Get Thee to a Conference, Writer!

I want to be alone...photo from www.fanpop.com

I want to be alone…photo from http://www.fanpop.com

Like many writers, I work at home, which means I spend much of my day alone. To force myself to get out of the house and interact with living, breathing, real people, I set a goal of attending at least two conferences in the course of the year.

They’re not writing conferences, however.

They’re pre-writing conferences.

In other words, I go to conferences to do research for my books. In particular, I go to events that have to do with birding, nature, and spirituality, since those are my book topics, and I’m always looking for new ideas and the latest developments in the field.

But last month, as I promoted my second free Kindle offer on amazon.com for my Birder Murder mystery series, I realized a marketing benefit to those research conferences: the stuff I bring home – the hand-outs, the programs, the lists of attendees – are invaluable marketing tools.

Influential contacts

You meet a lot of people at any kind of conference, but you might not get the chance to meet them all, especially if they are keynote speakers who typically are surrounded by a crush of people at the conference. If you keep the program, though, you can usually track them down again on the internet, and make contact by sending an email and thanking them for their presentation. Then, when you would like to notify them of your book release or promotion, you’ve got  influential contacts in your target market. Even if you haven’t previously corresponded with them, just naming the conference in a subject line will ensure your email will be read by the recipient. Ask them to share your promotion, and you’ll reach new readers through their cooperation.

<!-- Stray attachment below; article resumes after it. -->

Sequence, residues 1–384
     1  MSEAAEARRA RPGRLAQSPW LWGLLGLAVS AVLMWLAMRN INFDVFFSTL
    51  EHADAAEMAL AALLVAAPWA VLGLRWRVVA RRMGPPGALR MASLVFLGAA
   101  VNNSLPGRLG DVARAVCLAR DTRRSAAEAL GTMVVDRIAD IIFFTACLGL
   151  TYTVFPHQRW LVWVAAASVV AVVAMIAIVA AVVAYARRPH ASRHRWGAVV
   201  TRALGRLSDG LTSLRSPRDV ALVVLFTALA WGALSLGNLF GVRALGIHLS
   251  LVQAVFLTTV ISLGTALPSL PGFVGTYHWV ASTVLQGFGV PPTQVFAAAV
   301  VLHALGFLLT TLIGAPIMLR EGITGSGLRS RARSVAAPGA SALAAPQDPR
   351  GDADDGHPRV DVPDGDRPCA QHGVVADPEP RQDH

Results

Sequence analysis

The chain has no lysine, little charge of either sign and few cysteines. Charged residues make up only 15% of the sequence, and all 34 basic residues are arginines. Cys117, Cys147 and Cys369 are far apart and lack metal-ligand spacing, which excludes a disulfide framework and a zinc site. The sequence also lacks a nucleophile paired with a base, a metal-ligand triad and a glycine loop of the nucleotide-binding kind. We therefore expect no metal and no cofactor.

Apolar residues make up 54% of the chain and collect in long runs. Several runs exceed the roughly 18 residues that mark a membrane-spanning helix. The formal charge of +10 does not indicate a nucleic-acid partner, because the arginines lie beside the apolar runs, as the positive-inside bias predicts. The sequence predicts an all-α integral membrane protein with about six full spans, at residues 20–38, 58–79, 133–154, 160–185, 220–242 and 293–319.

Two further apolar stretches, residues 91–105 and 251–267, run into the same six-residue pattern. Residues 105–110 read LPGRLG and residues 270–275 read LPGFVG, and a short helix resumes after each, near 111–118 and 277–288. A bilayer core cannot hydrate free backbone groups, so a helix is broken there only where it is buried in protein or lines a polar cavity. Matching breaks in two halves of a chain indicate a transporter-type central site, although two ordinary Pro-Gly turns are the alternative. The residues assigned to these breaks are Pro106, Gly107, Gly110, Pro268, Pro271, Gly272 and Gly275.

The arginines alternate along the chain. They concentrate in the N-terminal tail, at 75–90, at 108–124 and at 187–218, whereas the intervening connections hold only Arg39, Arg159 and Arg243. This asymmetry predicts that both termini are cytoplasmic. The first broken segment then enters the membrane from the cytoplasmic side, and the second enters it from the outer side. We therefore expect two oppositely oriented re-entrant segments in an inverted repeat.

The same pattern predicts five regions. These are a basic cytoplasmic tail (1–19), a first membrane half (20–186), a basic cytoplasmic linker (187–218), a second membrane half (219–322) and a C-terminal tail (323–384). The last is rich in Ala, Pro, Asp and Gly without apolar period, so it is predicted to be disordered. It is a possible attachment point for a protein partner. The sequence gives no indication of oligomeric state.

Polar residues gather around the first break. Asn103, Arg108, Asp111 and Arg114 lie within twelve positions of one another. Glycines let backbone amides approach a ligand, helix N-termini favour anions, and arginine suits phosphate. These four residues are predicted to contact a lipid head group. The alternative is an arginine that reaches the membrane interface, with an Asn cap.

Potential readers

Every person who comes to a conference is a potential reader of your work. I recently went to a conference on the therapeutic effects of nature, and chatted with other attendees about my interest in nature and birds. When I mentioned I was an author, I was asked for the names of my books, so I got to do a little promoting to a market I hadn’t previously considered. At a birding event, email addresses of all the attendees are sometimes included (because birders like to email each other about bird sightings), so I have a ready-made email list for special book promotions that I think they might appreciate. Never underestimate the personal touch of addressing individuals!

Creative approaches

Being the packrat I am, I keep all the hand-outs and advertising materials from conferences, too, thinking I might be able to set up a speaking date or promotional opportunity with one of the sponsors. For example, I never thought of wildlife photographers as a market until I met a camera rep at a birding event; now it’s a part of my target audience. As a result, I’ve found that thinking about the ways sponsors connect to conferences is a fertile field for marketing development.

What kind of conferences do you attend and what are the marketing benefits you find?

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About jandunlap